Objective To identify the effect of different gestational weight gains among women of normal weight before pregnancy on babies' birth weights, and women's weights 18-24 months postpartum.
Methods Two groups of women of normal weight before pregnancy (body mass index [BMI] 19.6-25.4 kg/m2) took part in the study (n = 200). They gained either moderate weight (9-15 kg) or high weight (18-24 kg) during pregnancy. From maternity records and telephone interviews, information on age, height, prepregnancy and postpartum weight, gestational weight gain, babies' birth weights, lactation, parity, and smoking habits was collected.
Results High maternal weight gain during pregnancy resulted in mean birth weight 286 g higher than that of babies of mothers who gained moderate weight. The correlation coefficient between birth weight and gestational weight gain was 0.3 (P < .001). The postpartum weight of women with high weight gain during pregnancy was 2.6 ± 0.38 kg (mean ± standard error of the mean [SEM]) more than before pregnancy but the group of moderate weight gain weighed 0.1 ± 0.47 kg less than before pregnancy (P < .001). However, most women in both groups (88.6%) regained normal weight, and prepregnant weight correlated strongly with the weight 18-24 months postpartum (r = 0.79, P < .001). There was not a significant correlation between the duration of lactation and postpartum weight loss (r = 0.04, P > .05).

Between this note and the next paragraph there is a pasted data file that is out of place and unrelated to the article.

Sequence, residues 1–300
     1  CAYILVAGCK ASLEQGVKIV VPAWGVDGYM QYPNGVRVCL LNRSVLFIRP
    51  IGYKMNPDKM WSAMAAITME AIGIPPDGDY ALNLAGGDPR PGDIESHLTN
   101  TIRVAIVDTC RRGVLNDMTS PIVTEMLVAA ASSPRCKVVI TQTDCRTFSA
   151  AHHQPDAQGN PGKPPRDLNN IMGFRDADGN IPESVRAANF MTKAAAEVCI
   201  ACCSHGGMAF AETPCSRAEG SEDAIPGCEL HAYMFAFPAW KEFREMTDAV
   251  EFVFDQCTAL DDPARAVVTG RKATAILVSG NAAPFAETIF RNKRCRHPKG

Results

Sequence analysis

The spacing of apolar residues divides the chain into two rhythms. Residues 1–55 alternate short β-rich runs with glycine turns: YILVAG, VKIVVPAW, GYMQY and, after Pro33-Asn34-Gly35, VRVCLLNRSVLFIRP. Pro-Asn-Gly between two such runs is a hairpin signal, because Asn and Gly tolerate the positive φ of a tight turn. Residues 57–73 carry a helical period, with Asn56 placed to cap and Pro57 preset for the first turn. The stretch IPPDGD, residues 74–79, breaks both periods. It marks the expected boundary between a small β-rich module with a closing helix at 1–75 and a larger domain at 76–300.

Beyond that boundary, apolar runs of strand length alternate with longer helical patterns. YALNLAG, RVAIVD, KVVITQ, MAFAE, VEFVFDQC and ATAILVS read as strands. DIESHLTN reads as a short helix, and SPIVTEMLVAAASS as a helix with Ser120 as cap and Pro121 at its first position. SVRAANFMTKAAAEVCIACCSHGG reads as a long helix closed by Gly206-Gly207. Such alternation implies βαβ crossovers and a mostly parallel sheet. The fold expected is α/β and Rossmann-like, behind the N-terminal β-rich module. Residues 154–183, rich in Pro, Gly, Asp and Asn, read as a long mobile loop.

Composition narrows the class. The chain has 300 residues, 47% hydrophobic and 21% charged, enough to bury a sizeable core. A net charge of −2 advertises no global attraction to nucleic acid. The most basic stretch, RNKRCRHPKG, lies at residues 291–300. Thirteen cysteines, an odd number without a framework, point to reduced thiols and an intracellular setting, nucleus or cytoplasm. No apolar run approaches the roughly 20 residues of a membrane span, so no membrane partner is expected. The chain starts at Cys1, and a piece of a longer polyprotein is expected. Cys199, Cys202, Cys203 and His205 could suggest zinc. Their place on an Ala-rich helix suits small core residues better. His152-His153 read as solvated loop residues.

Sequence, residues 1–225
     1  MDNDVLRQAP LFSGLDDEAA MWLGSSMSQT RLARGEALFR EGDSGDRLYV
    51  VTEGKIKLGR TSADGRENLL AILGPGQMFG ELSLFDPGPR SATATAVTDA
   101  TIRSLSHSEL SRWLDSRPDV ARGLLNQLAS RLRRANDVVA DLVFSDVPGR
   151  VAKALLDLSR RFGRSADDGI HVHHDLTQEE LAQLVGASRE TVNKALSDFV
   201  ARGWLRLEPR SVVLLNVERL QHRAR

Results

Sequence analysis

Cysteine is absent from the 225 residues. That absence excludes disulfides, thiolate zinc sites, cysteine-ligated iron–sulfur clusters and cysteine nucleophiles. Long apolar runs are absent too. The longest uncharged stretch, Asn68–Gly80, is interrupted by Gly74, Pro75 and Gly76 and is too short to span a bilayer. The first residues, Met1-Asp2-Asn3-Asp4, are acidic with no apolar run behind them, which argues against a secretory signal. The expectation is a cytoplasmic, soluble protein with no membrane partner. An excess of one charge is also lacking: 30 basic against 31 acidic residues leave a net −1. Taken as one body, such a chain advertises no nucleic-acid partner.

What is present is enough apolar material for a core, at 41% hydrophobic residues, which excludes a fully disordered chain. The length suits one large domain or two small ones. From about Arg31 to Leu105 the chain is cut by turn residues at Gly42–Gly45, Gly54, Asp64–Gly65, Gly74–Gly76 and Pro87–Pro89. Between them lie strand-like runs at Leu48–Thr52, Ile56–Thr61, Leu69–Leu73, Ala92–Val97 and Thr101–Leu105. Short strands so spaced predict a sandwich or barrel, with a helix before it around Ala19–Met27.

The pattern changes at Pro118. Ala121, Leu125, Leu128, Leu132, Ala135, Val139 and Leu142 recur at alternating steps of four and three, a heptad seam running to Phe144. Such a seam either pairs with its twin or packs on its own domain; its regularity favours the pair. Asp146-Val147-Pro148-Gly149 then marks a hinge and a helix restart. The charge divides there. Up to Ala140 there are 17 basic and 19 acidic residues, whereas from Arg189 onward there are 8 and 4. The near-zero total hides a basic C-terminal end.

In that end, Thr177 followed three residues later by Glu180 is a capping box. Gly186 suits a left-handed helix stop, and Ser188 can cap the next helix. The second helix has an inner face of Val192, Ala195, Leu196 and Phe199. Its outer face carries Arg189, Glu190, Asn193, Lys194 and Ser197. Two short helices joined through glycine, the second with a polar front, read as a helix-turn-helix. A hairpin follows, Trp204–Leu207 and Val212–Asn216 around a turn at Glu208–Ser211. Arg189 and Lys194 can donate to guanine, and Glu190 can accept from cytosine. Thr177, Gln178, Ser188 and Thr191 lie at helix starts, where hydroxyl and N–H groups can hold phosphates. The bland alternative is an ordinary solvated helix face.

Conclusion High gestational weight gain among women of normal weight before pregnancy increases birth weight and women's weight postpartum, compared with moderate weight gain. Prepregnant weight is more indicative of post-partum weight, and women reach normal weight again irrespective of gestational weight gain.
Address reprint requests to: Inga Thorsdottir, PhD, Department of Clinical Nutrition, National University Hospital, PO Box 10, IS-101 Reykjavik, Iceland. E-mail: firstname.lastname@example.org
© 1998 The American College of Obstetricians and Gynecologists